Maxinutrition is also stepping out of its sports niche to target mainstream shoppers with a 250ml protein-rich milk drink in chocolate or strawberry, listed in all types of outlets. Other new arrivals such as Upbeat from The Good Whey Co, a whey protein and fruit juice mix made with fresh milk, and Arla’s Wing-Co high-protein chocolate milk are marketing their drinks as a snack or breakfast replacement.
Functional fresh milk is another key growth area and not just for the brands - last summer, Tesco launched a Healthy Bones and a Multivitamins milk. Indeed, own label has been increasingly active in functional, more than doubling its share of new launches from 14.4% in 2008 to 31.7% in 2012 and growing faster than branded [Mintel]. Leading the charge has been Morrisons’ NuMe range, which boasts lines such as cholesterol reducing strawberry shots, and accounted for 11% of functional launches this year [Mintel].
The perceived value for money of own label is likely to stand it in good stead, with Mintel research showing 57% of consumers think functional benefits are just an excuse for companies to charge a higher price. But the brands have plenty to play for too, with less than one in five consumers buying functional products regularly, and one third claiming there aren’t enough popular products with functional benefits.
Where the danger lies - for branded and own label alike - is in making functional claims that don’t stand up to scrutiny. Worryingly, 52% of consumers claim not to have noticed any improvement to their health from using functional foods. Then there are those deemed in breach of EFSA regulations. The fact Yakult had to pull its advertising this May after the ASA argued that, although it made no explicit claim it implied a benefit, will have sent a warning that “even the slightest insinuation not backed up by EFSA” is likely to be pounced upon, says senior Mintel analyst Chris Wisson, noting that in terms of NPD, “there’s not a huge incentive to push the boundaries”.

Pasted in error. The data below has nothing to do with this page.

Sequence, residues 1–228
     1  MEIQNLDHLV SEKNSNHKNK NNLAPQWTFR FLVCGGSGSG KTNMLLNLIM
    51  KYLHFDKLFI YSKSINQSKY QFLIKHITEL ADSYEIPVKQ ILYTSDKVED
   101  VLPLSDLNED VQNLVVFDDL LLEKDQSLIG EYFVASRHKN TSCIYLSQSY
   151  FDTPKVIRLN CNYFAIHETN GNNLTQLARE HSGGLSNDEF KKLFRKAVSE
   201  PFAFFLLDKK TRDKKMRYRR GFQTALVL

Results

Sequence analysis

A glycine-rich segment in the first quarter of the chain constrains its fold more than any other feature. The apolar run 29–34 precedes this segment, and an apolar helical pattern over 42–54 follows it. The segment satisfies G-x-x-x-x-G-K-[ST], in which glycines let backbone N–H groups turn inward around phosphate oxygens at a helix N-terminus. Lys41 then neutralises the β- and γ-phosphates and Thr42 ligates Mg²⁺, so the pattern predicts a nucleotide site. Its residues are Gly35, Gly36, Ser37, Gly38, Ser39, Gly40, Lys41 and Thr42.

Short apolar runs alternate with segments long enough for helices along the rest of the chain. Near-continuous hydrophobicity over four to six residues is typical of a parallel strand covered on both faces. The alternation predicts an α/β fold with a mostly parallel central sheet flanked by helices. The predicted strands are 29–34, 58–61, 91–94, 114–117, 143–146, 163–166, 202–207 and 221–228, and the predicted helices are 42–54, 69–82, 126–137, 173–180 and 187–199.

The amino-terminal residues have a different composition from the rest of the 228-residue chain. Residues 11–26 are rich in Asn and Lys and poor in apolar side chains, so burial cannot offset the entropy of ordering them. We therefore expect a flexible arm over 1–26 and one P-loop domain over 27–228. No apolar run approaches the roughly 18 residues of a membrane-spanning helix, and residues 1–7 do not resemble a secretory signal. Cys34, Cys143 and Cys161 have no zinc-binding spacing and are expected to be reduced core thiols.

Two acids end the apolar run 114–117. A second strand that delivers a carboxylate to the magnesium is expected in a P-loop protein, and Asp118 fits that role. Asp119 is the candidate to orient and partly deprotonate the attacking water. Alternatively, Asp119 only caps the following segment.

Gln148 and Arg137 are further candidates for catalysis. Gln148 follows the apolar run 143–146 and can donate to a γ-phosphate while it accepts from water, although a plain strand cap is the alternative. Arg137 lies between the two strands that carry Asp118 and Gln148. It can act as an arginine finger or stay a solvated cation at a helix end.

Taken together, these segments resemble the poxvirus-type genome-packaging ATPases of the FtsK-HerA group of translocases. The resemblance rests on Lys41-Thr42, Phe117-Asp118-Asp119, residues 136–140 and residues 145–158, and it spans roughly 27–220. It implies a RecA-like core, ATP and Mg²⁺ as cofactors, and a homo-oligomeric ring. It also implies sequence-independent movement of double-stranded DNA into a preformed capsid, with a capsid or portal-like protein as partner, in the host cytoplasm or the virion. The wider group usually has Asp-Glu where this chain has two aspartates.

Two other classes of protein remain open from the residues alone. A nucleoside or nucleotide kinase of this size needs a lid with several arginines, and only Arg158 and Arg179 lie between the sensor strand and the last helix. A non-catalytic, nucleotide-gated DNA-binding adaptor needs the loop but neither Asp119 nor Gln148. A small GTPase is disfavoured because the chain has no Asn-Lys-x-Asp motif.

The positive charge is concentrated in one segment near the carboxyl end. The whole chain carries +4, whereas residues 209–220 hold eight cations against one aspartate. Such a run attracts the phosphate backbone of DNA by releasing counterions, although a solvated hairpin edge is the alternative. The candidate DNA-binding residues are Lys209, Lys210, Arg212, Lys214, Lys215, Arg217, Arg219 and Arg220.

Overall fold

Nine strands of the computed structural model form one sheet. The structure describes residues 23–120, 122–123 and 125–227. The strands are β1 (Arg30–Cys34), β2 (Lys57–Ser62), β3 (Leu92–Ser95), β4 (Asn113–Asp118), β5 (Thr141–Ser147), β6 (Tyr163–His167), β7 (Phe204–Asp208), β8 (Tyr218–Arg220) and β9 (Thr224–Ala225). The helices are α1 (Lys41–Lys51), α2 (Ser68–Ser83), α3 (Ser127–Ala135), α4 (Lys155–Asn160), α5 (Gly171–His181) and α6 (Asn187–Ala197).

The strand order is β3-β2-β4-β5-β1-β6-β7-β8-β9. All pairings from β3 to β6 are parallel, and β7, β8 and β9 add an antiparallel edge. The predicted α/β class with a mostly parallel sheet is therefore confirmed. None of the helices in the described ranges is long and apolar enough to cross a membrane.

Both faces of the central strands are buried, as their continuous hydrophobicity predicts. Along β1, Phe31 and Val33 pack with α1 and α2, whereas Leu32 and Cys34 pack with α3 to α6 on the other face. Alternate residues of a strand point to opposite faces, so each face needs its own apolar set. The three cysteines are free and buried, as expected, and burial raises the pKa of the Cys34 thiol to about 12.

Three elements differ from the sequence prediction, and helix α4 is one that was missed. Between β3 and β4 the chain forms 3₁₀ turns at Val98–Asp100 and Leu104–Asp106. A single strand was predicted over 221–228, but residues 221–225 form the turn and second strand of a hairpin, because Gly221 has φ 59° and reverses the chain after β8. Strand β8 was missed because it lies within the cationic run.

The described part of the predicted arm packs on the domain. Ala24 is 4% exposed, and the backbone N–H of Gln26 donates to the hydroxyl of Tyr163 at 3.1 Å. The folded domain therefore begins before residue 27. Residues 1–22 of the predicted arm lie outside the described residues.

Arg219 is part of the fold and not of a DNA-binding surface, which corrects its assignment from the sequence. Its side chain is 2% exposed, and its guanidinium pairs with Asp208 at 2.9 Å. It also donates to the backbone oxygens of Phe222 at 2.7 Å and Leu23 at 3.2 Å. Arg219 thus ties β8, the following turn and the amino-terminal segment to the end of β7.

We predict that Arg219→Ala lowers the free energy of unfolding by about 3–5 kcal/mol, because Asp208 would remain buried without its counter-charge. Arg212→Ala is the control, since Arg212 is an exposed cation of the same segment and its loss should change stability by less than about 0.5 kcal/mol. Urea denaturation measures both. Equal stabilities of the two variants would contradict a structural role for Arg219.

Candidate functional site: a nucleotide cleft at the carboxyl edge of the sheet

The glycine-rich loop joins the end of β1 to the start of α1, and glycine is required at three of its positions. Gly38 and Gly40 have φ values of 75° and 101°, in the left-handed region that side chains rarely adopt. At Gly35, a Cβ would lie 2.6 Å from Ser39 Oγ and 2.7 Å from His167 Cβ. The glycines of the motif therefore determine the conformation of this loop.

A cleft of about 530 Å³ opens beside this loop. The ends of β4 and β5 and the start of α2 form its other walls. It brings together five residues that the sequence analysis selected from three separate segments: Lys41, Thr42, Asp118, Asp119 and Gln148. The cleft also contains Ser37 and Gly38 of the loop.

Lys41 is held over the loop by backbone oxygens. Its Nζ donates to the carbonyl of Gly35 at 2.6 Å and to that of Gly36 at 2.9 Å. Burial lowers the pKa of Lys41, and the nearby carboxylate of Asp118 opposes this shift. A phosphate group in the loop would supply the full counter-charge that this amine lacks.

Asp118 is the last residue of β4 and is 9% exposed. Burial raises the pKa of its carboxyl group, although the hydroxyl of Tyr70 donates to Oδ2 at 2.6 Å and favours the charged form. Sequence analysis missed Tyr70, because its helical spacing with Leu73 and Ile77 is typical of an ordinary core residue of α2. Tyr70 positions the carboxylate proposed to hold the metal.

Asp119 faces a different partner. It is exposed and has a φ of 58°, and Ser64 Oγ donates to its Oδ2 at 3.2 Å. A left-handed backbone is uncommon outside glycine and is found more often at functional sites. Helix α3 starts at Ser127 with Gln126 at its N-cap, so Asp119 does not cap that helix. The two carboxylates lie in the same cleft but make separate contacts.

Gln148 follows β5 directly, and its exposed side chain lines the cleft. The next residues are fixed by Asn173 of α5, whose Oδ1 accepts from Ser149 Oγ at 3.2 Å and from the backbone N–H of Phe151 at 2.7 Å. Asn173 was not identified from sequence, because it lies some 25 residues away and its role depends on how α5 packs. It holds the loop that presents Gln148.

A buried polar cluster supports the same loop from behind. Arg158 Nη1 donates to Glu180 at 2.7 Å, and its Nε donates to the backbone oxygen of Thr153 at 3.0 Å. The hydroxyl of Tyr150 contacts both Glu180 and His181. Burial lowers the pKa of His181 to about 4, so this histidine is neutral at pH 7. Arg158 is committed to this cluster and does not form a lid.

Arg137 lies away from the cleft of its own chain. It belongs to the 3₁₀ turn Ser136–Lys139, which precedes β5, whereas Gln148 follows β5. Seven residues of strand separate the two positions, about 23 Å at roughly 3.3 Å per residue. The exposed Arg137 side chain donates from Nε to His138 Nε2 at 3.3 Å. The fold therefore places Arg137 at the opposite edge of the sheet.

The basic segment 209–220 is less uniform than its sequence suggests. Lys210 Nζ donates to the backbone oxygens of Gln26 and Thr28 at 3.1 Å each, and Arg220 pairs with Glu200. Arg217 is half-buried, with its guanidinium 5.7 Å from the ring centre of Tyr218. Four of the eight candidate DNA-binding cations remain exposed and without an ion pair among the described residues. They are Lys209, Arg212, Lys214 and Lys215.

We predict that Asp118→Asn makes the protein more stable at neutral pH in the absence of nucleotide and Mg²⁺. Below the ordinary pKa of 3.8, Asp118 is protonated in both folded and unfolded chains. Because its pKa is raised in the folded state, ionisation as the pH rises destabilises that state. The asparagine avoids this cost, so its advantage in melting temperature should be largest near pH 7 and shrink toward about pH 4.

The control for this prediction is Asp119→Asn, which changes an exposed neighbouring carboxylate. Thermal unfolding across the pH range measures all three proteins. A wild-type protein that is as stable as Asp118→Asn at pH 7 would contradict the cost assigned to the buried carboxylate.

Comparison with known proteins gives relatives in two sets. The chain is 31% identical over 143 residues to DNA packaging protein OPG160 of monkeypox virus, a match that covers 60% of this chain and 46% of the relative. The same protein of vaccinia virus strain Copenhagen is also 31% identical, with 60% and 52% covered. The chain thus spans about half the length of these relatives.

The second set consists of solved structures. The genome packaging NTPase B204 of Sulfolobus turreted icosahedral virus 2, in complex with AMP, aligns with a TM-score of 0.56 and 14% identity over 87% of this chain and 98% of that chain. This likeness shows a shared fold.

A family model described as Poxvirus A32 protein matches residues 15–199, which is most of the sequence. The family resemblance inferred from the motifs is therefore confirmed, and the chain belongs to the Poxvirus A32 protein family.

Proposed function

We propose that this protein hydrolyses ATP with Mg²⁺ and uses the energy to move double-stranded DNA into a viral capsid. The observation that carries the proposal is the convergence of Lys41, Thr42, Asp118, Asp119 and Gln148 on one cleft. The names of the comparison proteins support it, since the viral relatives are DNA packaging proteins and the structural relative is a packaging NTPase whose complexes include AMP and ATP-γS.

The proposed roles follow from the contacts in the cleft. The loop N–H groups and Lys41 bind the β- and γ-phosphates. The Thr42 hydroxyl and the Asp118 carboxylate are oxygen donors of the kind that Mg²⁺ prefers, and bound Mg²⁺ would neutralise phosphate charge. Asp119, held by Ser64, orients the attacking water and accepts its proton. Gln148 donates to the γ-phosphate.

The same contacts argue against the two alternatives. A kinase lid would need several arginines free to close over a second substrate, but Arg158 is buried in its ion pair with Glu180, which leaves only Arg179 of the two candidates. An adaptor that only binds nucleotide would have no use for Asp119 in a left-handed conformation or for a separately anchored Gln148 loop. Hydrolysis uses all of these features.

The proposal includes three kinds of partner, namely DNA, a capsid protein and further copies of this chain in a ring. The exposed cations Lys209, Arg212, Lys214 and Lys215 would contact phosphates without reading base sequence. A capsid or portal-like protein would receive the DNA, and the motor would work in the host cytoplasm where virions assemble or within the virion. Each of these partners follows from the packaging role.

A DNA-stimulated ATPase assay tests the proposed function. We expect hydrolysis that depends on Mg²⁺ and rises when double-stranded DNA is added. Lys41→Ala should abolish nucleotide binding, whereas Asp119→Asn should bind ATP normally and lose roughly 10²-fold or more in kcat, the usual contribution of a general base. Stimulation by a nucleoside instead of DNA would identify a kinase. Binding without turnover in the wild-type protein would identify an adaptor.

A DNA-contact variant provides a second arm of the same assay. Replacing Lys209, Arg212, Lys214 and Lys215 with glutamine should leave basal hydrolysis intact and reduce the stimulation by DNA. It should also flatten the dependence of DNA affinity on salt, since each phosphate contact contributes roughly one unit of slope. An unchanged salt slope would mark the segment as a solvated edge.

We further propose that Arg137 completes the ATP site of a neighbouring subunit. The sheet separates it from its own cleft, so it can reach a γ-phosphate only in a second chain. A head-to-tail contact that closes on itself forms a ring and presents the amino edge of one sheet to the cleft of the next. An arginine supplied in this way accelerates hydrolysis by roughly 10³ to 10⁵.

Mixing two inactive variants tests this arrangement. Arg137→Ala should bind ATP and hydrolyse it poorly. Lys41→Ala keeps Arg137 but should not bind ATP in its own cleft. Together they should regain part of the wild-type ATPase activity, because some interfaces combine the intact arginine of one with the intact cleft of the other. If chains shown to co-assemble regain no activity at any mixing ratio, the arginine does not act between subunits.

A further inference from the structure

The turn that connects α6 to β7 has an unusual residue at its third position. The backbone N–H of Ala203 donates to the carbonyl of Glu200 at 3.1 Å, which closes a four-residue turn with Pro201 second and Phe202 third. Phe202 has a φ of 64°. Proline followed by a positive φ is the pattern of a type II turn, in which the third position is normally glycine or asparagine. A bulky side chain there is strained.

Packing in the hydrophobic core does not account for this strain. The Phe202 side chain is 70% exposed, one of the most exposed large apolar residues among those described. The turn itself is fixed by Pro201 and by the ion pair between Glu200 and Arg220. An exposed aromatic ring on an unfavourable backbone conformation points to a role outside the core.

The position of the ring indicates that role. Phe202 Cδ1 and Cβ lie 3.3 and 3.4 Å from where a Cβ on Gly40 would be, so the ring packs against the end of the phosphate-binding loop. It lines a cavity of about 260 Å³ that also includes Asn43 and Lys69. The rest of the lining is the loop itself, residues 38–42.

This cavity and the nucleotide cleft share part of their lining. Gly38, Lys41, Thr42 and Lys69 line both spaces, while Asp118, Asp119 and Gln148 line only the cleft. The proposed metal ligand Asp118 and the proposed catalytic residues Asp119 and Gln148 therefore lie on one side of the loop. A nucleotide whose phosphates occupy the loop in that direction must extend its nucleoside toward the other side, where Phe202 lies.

With only watertight or generic claims now permissible, “it’s important for products not just to focus on functionality”, adds Mintel global food science analyst, Laura Jones. “Over 30% of people think the current range of flavours is unexciting or boring.”
And one thing functional food can no longer afford to be is boring.